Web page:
He grew up with Irish step dancing, went on to perform for 10 years with the critically acclaimed Bill T. Jones/Arnie Zane Dance Company and then joined the cast of the off-Broadway hit "Stomp." The next challenge Sean Curran faced was going solo.
In crafting the hour-long, one-man show that he will perform this weekend, Curran says his priority was "investigating how I moved."
A dancer in a company is a tool for the choreographer -- go here, do this, don't ask questions. Curran had been directed by others for his entire professional life -- not that there's anything wrong with that, when you're a founding member of one of the country's most respected and provocative modern dance companies, and then you're snapped up by the hot percussive-music-and-dance show that quickly became a commercial sensation.
But Curran always knew he wanted to be a choreographer. Three years ago he formed a nine-dancer ensemble, Sean Curran Company, which has performed throughout New York City and has plans to tour. But Curran had begun work on several of his solos years before, shortly after leaving Jones/Zane.
"They're like journal entries," Curran says. "I was trying to reinvent myself."
Among the half-dozen works on the program is "Five Points of Articulation," which has been edited down to three sections, exploring the differences between loneliness and solitude. "Am I Dead Yet?" grew out of hospital visits with friends dying of AIDS. In "Average Tragedy," Curran carries around a full-size wooden door as a symbol of a past he is trying to come to terms with. The door also harks back to an old Irish tradition of taking a door off its hinges to serve as a makeshift dance floor, Curran says.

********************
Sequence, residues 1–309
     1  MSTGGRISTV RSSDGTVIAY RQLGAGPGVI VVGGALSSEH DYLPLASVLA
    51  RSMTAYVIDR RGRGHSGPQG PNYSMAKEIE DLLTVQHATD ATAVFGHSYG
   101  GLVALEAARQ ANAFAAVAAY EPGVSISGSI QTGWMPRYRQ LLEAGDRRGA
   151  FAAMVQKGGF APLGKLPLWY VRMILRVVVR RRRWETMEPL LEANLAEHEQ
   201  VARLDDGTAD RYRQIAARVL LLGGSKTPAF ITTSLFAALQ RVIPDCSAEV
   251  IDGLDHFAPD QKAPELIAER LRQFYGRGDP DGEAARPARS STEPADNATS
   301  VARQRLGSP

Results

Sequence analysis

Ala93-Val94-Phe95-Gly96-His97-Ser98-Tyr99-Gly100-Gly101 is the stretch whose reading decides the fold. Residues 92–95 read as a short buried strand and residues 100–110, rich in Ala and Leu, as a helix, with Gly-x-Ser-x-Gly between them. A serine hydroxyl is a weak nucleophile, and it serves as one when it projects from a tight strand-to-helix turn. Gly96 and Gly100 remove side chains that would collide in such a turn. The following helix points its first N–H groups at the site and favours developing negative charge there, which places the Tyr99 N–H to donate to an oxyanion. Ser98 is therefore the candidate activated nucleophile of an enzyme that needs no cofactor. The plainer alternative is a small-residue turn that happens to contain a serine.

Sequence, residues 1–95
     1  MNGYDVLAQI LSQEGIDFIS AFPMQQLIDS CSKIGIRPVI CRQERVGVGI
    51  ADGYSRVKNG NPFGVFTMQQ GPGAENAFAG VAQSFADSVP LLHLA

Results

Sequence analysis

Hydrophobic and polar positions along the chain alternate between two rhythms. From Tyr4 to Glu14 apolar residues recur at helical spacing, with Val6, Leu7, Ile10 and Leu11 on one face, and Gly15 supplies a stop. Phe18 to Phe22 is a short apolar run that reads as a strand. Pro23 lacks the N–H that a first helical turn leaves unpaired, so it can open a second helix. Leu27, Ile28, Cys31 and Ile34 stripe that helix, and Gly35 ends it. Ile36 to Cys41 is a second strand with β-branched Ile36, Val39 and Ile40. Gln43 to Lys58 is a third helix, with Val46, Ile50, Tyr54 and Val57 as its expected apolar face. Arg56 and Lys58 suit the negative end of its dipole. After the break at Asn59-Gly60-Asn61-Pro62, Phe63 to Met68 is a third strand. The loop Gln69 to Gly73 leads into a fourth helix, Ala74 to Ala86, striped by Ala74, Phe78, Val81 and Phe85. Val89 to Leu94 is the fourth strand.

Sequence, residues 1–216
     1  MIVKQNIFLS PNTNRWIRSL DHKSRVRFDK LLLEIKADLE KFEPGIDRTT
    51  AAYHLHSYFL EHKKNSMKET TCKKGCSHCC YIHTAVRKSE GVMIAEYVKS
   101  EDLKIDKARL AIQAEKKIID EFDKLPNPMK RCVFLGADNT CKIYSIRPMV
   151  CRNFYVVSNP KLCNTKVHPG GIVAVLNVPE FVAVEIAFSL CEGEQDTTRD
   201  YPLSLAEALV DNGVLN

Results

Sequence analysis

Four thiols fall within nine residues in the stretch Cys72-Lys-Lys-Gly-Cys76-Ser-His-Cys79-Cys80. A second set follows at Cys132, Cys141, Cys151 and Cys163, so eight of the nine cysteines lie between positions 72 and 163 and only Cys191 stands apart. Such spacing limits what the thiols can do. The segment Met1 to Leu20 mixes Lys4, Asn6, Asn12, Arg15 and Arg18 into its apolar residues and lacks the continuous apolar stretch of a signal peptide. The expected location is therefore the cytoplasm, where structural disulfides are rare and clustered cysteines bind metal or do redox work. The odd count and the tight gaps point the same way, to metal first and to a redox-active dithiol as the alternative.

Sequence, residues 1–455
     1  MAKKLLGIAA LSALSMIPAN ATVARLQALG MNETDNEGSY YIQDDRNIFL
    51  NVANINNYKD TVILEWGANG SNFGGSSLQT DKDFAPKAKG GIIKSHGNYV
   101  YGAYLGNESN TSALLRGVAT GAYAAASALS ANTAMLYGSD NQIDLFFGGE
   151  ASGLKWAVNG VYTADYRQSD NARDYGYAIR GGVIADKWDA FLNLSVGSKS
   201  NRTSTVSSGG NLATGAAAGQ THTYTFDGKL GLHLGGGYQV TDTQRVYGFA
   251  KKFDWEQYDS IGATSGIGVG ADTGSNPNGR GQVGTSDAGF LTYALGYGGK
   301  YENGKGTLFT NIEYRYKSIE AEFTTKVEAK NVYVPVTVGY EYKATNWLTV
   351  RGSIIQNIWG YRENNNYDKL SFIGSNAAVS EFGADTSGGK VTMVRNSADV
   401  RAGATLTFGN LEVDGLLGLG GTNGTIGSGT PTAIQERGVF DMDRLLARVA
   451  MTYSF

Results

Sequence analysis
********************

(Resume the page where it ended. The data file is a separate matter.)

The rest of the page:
How much longer he'll be able to lug a door around on his back is anyone's guess; the 38-year-old Curran says he has "just started to feel the body going a bit." Still, what keeps him in the studio after so many years of toil is simple, and unchanged.
"The healing capacity of art," he says. "Art is like a religion for me."
SEAN CURRAN SOLOS -- Saturday at 8 p.m., Sunday at 7 p.m. at Gunston Theater Two, 2700 South Lang St., Arlington. Tickets $15, or $50 for four. Call 703/228-6960.
CAPTION: Sean Curran went solo to investigate how he moves as an individual.